The world of identity cards evolves around making a safer card for less money. The essence of ID-cards is that on the one hand they are easy to use for the holder and on the other they make it harder for criminals to abuse someone’s identity. We seem to forget why we issue these cards and the basic question should therefore be: do we really need an identity card? In this article Clemens Willemsen sets out to answer this question from a personal view.

The earliest known identification document, a passport from the Persian Empire, dates back to 450 BC. In the past when people lived in small communities, there was no need to identify oneself as everyone knew each other well. One could go to the bank and withdraw money from his or her account with just a bank book. As soon as people started to move around in larger communities where they were not known, the need for an ID-card became necessary to identify themselves. At first, the card mainly contained administrative data but over time biometric data such as a photograph and fingerprints were added to increase the ID card’s safety. Now the emphasis is on proving that the holder is the rightful owner of the ID card.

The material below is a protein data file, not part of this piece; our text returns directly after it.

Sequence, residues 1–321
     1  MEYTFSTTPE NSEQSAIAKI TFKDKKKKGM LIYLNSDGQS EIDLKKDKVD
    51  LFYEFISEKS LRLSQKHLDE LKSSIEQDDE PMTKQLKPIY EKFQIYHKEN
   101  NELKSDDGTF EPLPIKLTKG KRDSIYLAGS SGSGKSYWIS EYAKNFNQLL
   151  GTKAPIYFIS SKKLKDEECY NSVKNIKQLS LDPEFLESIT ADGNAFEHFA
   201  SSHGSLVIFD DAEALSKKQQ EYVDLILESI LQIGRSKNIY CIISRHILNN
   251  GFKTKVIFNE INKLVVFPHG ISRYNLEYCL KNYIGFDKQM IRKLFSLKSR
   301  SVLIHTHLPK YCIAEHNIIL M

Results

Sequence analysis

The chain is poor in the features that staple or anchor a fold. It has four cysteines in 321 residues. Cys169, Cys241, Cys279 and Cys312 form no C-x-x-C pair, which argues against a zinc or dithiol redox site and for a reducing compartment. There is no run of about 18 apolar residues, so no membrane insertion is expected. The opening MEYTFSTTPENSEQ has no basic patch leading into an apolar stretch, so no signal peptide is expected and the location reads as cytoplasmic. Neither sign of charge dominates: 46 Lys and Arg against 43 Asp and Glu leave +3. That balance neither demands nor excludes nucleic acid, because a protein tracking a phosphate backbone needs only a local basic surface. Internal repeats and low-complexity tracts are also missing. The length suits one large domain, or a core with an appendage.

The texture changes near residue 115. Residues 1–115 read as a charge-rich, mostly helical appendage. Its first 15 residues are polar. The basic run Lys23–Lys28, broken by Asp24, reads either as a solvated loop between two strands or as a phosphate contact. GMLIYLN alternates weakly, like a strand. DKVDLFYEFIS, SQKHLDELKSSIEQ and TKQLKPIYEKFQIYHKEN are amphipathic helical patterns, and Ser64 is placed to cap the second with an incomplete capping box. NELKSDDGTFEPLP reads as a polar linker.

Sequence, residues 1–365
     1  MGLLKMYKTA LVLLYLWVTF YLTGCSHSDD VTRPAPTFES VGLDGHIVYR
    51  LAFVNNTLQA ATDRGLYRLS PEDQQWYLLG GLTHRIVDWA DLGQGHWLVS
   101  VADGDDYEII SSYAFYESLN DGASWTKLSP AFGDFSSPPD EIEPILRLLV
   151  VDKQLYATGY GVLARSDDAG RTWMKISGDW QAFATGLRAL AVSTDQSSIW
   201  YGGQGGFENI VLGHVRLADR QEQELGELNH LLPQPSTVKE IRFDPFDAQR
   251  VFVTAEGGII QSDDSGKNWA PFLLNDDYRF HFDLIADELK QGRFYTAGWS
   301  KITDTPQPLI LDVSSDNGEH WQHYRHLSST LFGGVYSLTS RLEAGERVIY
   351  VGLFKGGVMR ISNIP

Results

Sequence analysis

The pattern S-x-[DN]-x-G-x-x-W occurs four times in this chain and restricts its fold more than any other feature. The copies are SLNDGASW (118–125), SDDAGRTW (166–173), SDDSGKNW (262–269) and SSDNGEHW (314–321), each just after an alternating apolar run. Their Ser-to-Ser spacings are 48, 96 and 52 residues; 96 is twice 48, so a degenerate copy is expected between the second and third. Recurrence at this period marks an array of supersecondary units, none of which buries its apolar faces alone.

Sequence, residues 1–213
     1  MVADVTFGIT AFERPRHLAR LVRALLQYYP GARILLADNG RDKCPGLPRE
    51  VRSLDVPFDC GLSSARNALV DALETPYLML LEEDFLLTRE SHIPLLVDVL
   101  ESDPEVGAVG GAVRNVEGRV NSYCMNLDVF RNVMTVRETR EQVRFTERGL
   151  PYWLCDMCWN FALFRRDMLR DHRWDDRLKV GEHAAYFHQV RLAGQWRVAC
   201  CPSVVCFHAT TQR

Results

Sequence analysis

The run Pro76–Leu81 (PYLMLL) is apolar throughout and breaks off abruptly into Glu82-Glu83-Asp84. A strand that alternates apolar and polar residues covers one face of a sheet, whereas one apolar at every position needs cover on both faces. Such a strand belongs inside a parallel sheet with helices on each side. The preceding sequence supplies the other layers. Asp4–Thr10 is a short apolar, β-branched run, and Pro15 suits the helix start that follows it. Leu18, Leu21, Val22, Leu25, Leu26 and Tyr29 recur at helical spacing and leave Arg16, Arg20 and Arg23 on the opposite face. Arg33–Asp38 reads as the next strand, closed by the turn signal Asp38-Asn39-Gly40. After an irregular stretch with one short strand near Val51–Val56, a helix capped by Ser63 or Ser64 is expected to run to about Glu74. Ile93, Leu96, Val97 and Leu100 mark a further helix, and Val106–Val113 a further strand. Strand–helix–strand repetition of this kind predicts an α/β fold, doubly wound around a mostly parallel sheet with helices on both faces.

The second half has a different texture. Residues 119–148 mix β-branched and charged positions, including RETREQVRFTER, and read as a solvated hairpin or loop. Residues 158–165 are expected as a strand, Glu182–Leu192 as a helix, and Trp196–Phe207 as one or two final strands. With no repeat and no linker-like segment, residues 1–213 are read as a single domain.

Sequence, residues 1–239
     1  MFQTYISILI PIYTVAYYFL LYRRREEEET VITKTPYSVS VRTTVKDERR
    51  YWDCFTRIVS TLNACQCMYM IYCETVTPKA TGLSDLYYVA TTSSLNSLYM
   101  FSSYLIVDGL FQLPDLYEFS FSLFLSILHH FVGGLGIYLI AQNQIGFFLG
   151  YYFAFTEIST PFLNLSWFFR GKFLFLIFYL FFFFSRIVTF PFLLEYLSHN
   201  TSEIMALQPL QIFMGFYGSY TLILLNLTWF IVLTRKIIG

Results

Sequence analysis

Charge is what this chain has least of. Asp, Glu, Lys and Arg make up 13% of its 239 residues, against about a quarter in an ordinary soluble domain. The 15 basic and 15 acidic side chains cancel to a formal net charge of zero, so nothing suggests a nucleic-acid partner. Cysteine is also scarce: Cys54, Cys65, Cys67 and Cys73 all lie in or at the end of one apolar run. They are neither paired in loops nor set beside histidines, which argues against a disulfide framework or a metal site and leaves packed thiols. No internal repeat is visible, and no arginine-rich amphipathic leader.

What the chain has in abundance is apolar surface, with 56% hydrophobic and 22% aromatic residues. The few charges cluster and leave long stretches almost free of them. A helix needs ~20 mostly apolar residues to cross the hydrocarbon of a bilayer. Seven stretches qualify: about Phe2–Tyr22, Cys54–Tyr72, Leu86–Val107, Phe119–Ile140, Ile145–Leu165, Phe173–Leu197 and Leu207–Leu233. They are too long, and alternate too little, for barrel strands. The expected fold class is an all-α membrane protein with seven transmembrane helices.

Issues with ID-cards
An ID-card is a useful means to identify oneself but can also be abused by criminals to take your identity or present themselves as a non-existent person. The card and its administration are a solution, but simply relying on them may also present a problem.

Here are two examples where things can go wrong:
• An ID-card is stolen before the authorities have issued it to you. Although they might block it, this is only helpful if the number of the ID-card is checked online when someone uses it. If the authorities fail to inform you about it, you might never be aware of the fact that it has been stolen. Cars and goods can be bought in your name and someone else can have access to restricted areas and retrieve private information. The traces of identity fraud lead to the victim and not to the abuser.
• When you are asked to show your ID-card, it is not always checked online, nor are the security aspects always verified, as it often takes trained staff and special equipment to do so.

The use of biometrics instead of ID-cards